aside the independent regulator was first drafted.
22. The chaos in the railways has been increased by the placing
of Railtrack in railway administration. Given that both Railtrack
and the Regulator considered the company to be solvent on the
date that the Secretary of State applied to the High Court, and
in the absence of any evidence to suggest that any other factor
apart from the withdrawal of Government support caused the insolvency
of Railtrack, we conclude that Railtrack's demise was principally
caused by the Secretary of State. This Committee is appalled
at the Secretary of State's decision to apply for railway administration.
By putting a solvent company into administration, he has robbed
the shareholders of their investment. The implications for future
investment from the private sector in transport projects, in particular
under the Government's ten year transport plan, are grave.
23. We are also concerned that there is, as yet, no clear indication
of how long Railtrack's administration will last, and that there
is no clear evidence about how the costs of the process will be
met once the loan provided by the Government has to be repaid.
24. This Committee considers the Secretary of State's decision
to have been premature and it may well have damaging consequences
for rail investment for years to come.
25. We conclude that the Secretary of State's decision to place
Railtrack in administration had no sound financial or strategic
basis, and that the direct consequence of the decision has been
the creation of an investment hiatus that may last two years.
We are concerned that it will prove to have been a huge mistake
for the future of the industry.
26. The implications of the demise of Railtrack and the failure
of the Secretary of State to agree long-term franchise renewals
are far-reaching for the whole of the railway industry.
Conclusions and Recommendations
|(a)||We are extremely concerned that, following the Government's refusal to support Railtrack and to force it into administration, private sector confidence in the railways will evaporate and as a consequence the industry will have to pay a much higher risk premium to attract this finance, or the Government will have to provide substantial guarantees to investors. (Paragraph 4).
|(b)||If the Strategic Rail Authority is to remain a viable force, the Government must allow the Authority to operate independently and free from Government interference. The Strategic Rail Authority must be held to its responsibility to publish an annual report and update its Strategic Plan. (Paragraph 5).
|(c)||We are astonished that the Secretary of State made an application for an administration order for Railtrack without consulting the Rail Regulator, who has had direct responsibility for assessing Railtrack's financial requirements for Control Period 2. We note that the removal of the Government support and the threat to introduce emergency legislation to by-pass the regulator made Railtrack's position impossible. It is lamentable that the company did not do more to prevent being placed in administration, however, the company's view that the threat of legislation was essentially the same as the legislation being in place is understandable. (Paragraph 8).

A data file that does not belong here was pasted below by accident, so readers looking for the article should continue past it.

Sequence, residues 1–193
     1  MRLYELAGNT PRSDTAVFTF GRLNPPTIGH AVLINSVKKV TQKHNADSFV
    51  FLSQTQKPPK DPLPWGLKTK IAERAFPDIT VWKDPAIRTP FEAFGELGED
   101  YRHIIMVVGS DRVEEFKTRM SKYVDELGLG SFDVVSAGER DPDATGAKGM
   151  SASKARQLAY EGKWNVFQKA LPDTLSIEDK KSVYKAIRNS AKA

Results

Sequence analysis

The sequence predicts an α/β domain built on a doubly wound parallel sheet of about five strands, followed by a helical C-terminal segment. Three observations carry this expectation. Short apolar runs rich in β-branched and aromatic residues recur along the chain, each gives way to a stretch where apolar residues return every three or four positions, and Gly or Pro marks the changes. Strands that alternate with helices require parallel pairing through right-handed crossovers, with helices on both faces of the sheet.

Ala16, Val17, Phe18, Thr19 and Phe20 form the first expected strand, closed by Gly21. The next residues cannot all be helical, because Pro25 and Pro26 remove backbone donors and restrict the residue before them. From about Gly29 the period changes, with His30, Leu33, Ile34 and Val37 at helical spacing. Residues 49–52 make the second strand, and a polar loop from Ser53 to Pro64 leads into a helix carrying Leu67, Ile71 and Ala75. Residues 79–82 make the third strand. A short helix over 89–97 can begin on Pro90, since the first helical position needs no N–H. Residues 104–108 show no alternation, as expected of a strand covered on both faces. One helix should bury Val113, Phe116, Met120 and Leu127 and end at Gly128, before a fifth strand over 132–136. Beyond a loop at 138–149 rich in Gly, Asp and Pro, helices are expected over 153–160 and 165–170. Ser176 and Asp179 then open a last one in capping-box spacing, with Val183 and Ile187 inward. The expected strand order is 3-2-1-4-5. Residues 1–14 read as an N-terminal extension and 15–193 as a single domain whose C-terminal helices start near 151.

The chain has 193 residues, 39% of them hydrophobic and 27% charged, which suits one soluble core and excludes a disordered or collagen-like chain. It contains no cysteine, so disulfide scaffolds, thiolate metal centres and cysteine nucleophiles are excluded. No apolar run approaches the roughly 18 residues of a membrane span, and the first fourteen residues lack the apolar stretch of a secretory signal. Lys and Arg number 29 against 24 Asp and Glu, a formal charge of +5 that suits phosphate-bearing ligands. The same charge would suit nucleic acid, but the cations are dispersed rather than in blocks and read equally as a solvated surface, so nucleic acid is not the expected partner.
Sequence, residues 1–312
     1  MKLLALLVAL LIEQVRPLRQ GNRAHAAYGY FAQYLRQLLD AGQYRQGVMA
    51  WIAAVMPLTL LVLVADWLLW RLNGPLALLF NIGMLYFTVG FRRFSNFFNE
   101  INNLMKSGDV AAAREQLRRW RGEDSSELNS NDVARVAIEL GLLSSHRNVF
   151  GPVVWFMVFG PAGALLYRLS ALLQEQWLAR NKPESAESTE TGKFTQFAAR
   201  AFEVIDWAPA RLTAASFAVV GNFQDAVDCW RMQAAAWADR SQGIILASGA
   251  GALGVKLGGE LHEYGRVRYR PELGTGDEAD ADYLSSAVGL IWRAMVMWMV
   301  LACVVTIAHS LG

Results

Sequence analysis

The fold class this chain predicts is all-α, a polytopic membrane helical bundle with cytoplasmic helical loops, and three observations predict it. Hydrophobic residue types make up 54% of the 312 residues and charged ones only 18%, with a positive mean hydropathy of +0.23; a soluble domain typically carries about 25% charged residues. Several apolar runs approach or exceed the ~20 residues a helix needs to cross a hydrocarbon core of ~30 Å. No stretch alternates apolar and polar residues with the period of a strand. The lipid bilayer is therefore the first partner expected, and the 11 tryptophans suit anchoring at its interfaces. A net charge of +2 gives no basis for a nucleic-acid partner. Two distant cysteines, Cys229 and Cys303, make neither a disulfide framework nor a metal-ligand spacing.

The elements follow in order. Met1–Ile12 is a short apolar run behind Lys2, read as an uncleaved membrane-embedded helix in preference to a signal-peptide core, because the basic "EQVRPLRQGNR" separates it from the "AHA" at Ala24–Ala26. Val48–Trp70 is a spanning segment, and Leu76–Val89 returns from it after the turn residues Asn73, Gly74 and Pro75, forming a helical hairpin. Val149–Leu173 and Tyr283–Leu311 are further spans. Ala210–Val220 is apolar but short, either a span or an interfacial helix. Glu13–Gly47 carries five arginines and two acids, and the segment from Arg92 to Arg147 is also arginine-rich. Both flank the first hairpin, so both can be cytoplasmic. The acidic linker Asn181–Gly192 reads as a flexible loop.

|(d)||We struggle to see the justification for such timorous behaviour by the Department in relation to RenewCo, particularly since the arrangements have fallen. We do not accept the Department's assertion that the RenewCo arrangements were not responsible for Railtrack's administration. We believe that the Department was unwilling to proceed with the Renewco arrangements because it had already taken the decision in principle to seek an administration order for Railtrack. (Paragraph 16).
|(e)||It seems remarkable that the ONS were given one week, from 24 September to complete an analysis known to required by 1 October, on an agreement that was initiated with that known deadline in April. It seems particularly harsh for the Secretary of State to say of the ONS that "it will obviously take its time in reaching any decisions on classification." (Paragraph 17)
|(f)||This Committee is appalled at the Secretary of State's decision to apply for railway administration. By putting a solvent company into administration, he has robbed the shareholders of their investment. The implications for future investment from the private sector in transport projects, in particular under the Government's ten year transport plan, are grave. (Paragraph 22).
|(g)||The implications of the demise of Railtrack and the failure of the Secretary of State to agree long-term franchise renewals are far-reaching for the whole of the railway industry. (Paragraph 26)
Motion made, and Question proposed, that the Report from the Transport
Sub-committee be read a second time, paragraph by paragraph.(The
Amendment proposed, to leave out the words "Report from the
Transport Sub-committee" and insert the words "Draft
Report proposed by Miss McIntosh".(Miss McIntosh.)
Question put, That the Amendment be made.
The Committee divided.
|Ayes, 3||Noes, 9|